Emotional disturbances are very common in psychopathology, being present at a wide range of psychological conditions, such as mood disorders, anxiety disorders, impulse control disorders, personality disorders and sleep disorders (Berenbaum, Raghavan, Le, Vernon, & Gomez, 2003; Kring, 2008). Their ubiquity and importance for the course of mental disorders have led many researchers to suggest possible mechanisms through which emotional disturbances contribute to the onset or maintenance of these disorders. In this paper, the …definition… influential theories are being presented and their methodological and practical limitations are being discussed.
Emotion and Emotion Experience
According to Berenbaum et al. (2003), emotion is “a system composed of several interrelated processes (e.g. autonomic nervous system, facial expression, approach versus withdrawal behavior) that attempt to promote adaptation by responding to the pursuit and attainment (or lack of attainment) of individual’s needs, goals, and concerns.” Emotions are believed to be constituted by several components, including expression, experience and physiology (Kring, 2008). The experience of emotion, according to Barrett et al. (2007), is a mental representation of emotion, including memories of feelings, hypothetical feelings and current feelings that give information on how such feeling arise. Emotion experiences have a specific content, which explains what an emotion feels like, and their properties are instantiated through neurobiological processes. The nucleus of emotion experience (or mental representation of emotion) is core affect, i.e. neurophysiological states that are experienced as feelings of pleasure or displeasure in respon...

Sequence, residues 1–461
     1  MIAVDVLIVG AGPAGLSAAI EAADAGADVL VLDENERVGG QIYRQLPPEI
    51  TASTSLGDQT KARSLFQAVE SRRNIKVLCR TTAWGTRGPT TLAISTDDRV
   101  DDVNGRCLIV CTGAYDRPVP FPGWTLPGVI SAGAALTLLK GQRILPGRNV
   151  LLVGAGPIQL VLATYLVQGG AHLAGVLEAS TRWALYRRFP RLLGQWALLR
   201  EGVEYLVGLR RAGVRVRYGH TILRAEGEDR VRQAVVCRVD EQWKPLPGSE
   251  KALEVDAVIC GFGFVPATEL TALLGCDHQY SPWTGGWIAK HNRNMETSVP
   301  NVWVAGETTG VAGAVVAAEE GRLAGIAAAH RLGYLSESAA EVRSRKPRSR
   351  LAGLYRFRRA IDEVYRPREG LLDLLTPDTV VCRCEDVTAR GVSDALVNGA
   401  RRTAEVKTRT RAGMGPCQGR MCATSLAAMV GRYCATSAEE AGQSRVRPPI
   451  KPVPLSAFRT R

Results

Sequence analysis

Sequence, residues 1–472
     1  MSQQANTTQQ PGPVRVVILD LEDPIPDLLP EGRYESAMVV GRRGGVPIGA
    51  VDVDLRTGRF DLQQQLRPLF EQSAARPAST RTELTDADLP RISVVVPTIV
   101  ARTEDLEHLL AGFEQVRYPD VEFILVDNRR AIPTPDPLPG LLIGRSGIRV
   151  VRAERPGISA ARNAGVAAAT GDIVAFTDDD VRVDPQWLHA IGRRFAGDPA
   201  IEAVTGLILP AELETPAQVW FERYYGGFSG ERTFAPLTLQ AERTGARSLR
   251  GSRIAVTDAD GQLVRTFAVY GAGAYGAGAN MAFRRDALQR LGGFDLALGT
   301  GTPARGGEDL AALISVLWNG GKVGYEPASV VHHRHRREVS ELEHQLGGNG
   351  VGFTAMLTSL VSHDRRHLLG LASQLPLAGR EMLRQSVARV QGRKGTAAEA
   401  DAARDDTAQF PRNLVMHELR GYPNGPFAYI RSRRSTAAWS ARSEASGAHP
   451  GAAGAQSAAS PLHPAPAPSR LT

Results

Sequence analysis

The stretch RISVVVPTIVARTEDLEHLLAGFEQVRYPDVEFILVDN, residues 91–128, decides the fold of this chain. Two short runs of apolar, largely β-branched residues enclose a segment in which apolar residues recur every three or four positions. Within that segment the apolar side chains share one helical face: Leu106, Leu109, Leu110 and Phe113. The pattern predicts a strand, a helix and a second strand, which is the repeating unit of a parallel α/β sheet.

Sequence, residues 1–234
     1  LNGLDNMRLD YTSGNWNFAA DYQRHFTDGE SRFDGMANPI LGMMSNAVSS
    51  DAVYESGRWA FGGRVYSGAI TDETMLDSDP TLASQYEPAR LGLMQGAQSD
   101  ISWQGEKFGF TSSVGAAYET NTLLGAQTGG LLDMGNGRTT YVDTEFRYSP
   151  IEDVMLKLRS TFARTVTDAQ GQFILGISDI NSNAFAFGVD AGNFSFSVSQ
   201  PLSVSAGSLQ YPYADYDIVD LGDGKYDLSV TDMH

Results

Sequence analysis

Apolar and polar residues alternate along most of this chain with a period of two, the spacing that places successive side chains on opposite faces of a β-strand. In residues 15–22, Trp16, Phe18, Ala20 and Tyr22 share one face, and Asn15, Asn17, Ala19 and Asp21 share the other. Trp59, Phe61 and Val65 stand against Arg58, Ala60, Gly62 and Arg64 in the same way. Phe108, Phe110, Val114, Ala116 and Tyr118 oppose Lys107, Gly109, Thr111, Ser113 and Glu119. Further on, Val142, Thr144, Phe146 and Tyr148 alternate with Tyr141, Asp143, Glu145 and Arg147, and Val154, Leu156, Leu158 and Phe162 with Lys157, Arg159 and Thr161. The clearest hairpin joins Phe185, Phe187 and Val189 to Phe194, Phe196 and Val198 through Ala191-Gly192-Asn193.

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... that evaluates the affective significance of stimuli, originating from both the external and internal environment, and leads to emotional responses. However, this mechanism acts outside of conscious awareness with only its computational products reaching consciousness. LeDoux (1989) emphasized the distinction between affective and cognitive computations mediated by different brain systems, which, however, interact through neural connections between the amygdala and cognitive processing areas to contribute to the experience of emotion. Emotion experience can be generated entirely inside the brain without the participation of the peripheral nervous system (LeDoux, 1989). Nevertheless, if the central nervous system fails to produce an experience of emotion, the experience can be produced by the feedback from the peripheral system that reaches the brain (LeDoux, 1989).
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